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For an updated list of planned confabs, please see the Publishing Conferences page at porteranderson.com. If you have a publishing conference event coming, please notify me through my contact page and I’ll be happy to consider listing it.
Literally getting text messages from my mother about making parsley root purée. DO YOU ALL SEE WHY I AM HOW I AM?! — Brett Sandusky (@bsandusky) January 7, 2013
The consensus has been that digitization, having had its way with music and newspapers and magazines and photographs and etc., would in due course have its way with books as well…(But) a lot of data came out during the course of 2012 that also suggests that (a) the growth in e-book sales has slowed substantially and (b) print sales are holding up pretty well.
Author Nicholas Carr’s New Year’s Day column, Will Gutenberg Laugh Last? went to some lengths to pull together various reports indicating, as he quotes Bowker’s folks putting it, “‘some level of saturation’ in the e-book market” and a slower flight from print than many have expected.
And so we might hardly expect him to toss his print books into the dumpster without a fight.
Nevertheless, his points are compelling and made without undue tearing of hair. He concludes:
None of this means that, in the end, e-books won’t come to dominate book sales. My own sense is that they probably will. But, as we enter 2013, I’m considerably less confident in that prediction than I was a few years back, when, in the wake of the initial Kindle surge, e-book sales were growing at 200 or 300 percent annually. At the very least, it seems like the transition from print to electronic will take a lot longer than people expected. Don’t close that Gutenberg parenthesis just yet.
El cierre “irrevocable, muy difícil, triste y doloroso” de la librería Catalonia de Barcelona: tinyurl.com/ash2bhu
— Julieta Lionetti (@JulietaLionetti) January 7, 2013
The book, which half a millennium of rehearsed reverence have taught us to regard as a semantic unit, may in fact be a production unit: the book is what you get when writers have access to printing presses…Take away the press, and what looked like an internal logic of thought may turn out to be a constraint of the medium. If this is right, then the twilight of the printed book will proceed on a schedule disconnected to the growth or stagnation of e-books — what the internet portends is not the end of the paper container of the book, but rather the way paper organized our assumptions about writing altogether.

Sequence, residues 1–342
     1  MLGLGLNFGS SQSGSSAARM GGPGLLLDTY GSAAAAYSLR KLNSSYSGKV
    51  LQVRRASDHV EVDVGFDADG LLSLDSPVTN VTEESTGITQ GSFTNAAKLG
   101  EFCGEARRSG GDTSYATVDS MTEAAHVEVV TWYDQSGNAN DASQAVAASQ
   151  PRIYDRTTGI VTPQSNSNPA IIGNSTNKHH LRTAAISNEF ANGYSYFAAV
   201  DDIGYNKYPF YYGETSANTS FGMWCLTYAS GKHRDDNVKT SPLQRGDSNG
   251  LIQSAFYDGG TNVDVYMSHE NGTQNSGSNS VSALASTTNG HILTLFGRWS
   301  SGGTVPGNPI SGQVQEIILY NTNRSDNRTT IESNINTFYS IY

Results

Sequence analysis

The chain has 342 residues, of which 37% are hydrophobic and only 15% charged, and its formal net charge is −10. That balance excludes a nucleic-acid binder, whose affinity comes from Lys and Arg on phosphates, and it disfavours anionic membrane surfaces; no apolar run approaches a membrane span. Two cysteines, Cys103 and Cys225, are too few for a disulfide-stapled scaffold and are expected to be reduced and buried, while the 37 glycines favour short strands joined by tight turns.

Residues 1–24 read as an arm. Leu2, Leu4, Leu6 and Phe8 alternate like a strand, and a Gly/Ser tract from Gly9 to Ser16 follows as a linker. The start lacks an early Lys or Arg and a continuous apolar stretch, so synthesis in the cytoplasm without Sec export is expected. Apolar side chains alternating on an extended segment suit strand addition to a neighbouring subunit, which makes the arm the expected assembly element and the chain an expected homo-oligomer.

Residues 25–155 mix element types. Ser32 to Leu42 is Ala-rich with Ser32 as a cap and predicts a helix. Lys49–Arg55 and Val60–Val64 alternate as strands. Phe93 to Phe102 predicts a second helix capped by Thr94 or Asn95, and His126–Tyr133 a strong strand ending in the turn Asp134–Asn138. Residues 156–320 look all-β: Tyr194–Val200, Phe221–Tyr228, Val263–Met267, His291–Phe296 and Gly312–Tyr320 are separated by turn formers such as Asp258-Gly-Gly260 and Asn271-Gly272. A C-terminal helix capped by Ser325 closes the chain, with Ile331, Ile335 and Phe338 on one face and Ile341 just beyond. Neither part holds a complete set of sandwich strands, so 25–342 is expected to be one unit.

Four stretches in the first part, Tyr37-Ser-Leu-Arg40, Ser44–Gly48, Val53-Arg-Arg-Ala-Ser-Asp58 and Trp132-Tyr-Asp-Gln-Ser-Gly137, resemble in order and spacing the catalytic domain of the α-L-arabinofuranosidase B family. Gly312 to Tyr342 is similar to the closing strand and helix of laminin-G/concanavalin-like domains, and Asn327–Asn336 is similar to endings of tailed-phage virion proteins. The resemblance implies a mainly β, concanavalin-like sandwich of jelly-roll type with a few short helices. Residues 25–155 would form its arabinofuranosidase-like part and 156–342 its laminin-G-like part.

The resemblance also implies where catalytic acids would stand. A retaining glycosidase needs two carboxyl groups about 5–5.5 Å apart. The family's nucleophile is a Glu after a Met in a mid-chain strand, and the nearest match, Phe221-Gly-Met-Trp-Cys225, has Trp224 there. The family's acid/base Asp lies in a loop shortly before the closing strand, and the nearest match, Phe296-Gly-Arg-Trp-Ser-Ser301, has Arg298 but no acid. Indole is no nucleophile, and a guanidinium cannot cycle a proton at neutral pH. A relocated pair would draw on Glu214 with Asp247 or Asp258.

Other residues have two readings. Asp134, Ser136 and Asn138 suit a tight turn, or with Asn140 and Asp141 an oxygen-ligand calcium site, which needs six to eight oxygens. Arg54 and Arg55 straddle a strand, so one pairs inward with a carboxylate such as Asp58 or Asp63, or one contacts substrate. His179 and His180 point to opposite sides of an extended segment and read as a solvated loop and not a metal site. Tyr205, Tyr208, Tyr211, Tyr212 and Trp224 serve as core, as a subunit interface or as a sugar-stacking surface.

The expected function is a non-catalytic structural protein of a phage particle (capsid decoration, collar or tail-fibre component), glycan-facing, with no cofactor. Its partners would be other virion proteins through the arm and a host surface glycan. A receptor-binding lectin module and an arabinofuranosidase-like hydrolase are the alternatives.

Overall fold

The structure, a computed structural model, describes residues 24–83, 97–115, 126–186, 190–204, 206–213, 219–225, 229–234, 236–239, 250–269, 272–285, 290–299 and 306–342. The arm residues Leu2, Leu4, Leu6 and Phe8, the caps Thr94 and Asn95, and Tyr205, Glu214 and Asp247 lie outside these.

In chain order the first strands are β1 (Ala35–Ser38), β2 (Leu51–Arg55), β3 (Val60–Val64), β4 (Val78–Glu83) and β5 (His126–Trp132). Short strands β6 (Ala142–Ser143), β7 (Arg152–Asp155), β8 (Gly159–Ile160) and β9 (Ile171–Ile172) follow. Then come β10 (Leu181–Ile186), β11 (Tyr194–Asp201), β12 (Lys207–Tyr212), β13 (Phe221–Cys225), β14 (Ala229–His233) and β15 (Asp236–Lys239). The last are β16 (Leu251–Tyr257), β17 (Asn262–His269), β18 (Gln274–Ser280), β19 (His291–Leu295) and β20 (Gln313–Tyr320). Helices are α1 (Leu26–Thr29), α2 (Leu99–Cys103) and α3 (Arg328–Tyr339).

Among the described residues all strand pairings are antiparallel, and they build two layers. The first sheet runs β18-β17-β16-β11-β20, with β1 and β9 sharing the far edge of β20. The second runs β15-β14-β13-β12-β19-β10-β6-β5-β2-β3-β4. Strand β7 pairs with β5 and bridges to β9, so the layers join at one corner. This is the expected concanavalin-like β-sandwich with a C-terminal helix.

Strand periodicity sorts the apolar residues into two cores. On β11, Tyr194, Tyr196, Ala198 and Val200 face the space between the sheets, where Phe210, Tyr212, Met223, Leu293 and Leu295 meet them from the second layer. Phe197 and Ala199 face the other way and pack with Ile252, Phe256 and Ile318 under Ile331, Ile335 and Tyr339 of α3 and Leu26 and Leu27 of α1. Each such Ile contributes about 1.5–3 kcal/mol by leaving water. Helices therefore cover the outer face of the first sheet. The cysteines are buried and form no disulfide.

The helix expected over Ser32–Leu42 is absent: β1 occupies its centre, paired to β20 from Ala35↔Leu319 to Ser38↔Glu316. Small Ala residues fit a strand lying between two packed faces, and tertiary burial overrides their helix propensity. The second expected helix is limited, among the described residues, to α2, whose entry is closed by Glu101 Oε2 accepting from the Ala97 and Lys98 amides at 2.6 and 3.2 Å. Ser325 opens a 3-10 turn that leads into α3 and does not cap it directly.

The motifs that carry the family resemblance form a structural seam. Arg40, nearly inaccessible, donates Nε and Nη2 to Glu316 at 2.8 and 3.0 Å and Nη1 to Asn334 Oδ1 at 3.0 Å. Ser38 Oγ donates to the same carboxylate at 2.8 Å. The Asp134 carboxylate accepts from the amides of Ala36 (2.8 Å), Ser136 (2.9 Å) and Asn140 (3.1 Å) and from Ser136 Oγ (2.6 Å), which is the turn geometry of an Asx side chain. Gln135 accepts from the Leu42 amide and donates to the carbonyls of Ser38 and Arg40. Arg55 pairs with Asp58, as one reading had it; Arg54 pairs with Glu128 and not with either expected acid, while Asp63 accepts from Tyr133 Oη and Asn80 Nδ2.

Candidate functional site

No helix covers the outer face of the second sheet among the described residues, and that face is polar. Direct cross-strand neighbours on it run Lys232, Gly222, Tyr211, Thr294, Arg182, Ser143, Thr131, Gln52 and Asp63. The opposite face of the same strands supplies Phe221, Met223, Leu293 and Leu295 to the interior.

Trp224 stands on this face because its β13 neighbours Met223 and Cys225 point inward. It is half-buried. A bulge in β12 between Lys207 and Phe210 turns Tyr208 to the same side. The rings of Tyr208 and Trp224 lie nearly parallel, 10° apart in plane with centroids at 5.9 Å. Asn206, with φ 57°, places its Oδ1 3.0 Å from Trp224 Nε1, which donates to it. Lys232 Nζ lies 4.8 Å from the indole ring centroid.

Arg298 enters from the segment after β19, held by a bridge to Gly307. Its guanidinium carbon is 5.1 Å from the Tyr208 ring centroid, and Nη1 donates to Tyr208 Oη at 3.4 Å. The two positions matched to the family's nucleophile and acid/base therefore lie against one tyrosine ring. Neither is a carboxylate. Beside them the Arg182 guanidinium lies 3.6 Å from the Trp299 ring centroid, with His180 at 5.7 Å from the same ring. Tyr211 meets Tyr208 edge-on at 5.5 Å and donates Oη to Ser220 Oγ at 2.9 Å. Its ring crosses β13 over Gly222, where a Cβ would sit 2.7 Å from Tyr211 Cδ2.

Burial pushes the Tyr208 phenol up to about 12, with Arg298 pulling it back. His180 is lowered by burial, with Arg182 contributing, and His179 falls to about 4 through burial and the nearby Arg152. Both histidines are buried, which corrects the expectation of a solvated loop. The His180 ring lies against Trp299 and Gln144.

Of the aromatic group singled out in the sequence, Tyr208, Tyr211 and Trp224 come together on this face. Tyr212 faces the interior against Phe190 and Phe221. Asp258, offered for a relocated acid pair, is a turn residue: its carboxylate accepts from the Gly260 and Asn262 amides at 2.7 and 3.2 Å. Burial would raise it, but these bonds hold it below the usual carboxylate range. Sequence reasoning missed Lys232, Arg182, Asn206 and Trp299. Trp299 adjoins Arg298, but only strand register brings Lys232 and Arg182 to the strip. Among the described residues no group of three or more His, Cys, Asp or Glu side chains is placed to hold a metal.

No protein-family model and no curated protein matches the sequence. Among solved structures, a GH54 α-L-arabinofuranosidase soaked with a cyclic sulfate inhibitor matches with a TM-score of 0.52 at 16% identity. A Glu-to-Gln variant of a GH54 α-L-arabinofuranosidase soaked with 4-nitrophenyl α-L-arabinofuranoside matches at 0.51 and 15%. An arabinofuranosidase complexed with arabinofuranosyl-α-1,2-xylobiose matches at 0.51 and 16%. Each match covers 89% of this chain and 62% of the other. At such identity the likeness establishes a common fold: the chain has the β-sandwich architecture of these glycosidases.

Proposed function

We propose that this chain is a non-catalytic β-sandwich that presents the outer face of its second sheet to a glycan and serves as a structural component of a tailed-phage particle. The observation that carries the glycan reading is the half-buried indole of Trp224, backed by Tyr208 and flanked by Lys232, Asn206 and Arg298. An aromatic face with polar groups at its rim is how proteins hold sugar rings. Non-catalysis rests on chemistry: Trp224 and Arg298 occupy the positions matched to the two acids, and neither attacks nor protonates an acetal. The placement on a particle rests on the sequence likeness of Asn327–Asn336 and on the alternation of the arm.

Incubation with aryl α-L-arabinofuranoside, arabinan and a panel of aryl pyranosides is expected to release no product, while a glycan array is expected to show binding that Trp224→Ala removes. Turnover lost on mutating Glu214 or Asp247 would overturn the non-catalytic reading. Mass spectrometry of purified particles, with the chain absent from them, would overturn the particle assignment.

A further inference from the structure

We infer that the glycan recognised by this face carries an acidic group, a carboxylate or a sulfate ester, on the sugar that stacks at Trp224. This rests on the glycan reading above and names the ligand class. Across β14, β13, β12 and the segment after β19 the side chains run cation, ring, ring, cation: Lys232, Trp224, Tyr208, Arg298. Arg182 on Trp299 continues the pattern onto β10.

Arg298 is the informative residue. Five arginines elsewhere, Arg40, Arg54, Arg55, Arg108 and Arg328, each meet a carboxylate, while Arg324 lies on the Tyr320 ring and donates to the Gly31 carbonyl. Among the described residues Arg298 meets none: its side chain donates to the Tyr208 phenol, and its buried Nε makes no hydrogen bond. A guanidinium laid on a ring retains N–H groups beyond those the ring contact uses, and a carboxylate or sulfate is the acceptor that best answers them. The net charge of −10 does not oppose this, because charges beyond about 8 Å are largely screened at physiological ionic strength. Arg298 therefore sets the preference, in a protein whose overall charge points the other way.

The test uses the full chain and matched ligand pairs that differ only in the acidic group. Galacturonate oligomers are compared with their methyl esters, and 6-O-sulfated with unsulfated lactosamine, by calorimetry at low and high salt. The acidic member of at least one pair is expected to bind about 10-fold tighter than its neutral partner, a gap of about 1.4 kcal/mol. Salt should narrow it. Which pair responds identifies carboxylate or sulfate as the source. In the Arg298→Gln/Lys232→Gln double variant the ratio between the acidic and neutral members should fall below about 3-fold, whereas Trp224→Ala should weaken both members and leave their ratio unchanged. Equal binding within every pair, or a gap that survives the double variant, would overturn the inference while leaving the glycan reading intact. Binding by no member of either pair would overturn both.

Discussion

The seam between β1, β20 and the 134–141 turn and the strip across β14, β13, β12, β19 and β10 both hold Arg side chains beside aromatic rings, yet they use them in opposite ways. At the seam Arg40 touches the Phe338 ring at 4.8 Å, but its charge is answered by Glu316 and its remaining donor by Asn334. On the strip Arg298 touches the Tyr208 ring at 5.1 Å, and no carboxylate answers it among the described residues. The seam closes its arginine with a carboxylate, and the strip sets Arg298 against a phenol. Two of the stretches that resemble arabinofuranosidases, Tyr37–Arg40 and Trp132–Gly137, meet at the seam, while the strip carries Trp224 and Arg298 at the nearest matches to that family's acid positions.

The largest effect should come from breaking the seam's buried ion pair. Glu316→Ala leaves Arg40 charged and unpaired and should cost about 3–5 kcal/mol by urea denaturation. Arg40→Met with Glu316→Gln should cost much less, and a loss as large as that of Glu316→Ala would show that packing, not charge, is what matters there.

Carr is ready for him, writing back to Shirky:
Your desire to see cultural artifacts as mere technological artifacts, as “production units,” leads you to jump to the conclusion that because the narrative art of the book is resistant to digital re-formation, the narrative art is doomed to obsolescence. I think human beings are stranger and more interesting than you seem to believe. They enjoy, even love, the aesthetic experience of reading a well-crafted book. I don’t see any reason to assume they’ll abandon the object of that love just because it’s better suited to the form of a book than the form of a website/app/wiki.
Shirky doesn’t flinch:
I’ll make a case here for the displacement of the artistic forms of the book (principally the novel, of course) as the shift to online reading continues, working by analogy first with the album and then the relationship between photography and painting.
His retort is too lengthy to try to represent with a snippet here, but his core point is contained in these lines:
Forms of aesthetic expression co-evolve with their modes of production, and often don’t survive large-scale reconfiguration of those modes…I have several reasons for thinking that the current round of destruction is clearing the decks for something better, but the main one is that historically, media that increase the amount of arguing people do has been a long-term positive for society, even at the cost of short-term destruction of familiar patterns, and the disorientation of the people comfortable with those patterns. I think we’ll get extended narrative online — I just doubt the format of most of those narratives will look enough like a book to merit the name.
And there’s more. Enjoy the ride and, if you must, place your bets.
It’s a worthy, gracious exchange made all the more valuable because these two thinkers clearly respect each other.
How to stop piracy: 1 Create great stuff 2 Make it easy to buy 3 Same day worldwide release 4 Fair price 5 Works on any device
— Kim Dotcom (@KimDotcom) January 7, 2013
Porter Anderson is a Fellow with the National Critics Institute, a 32-year journalist with several newspapers and three networks of CNN, as well as a producer posted to the Rome headquarters of the United Nations’ World Food Programme. His Writing on the Ether is read Thursdays at JaneFriedman.com
Main image / iStockphoto: Zennie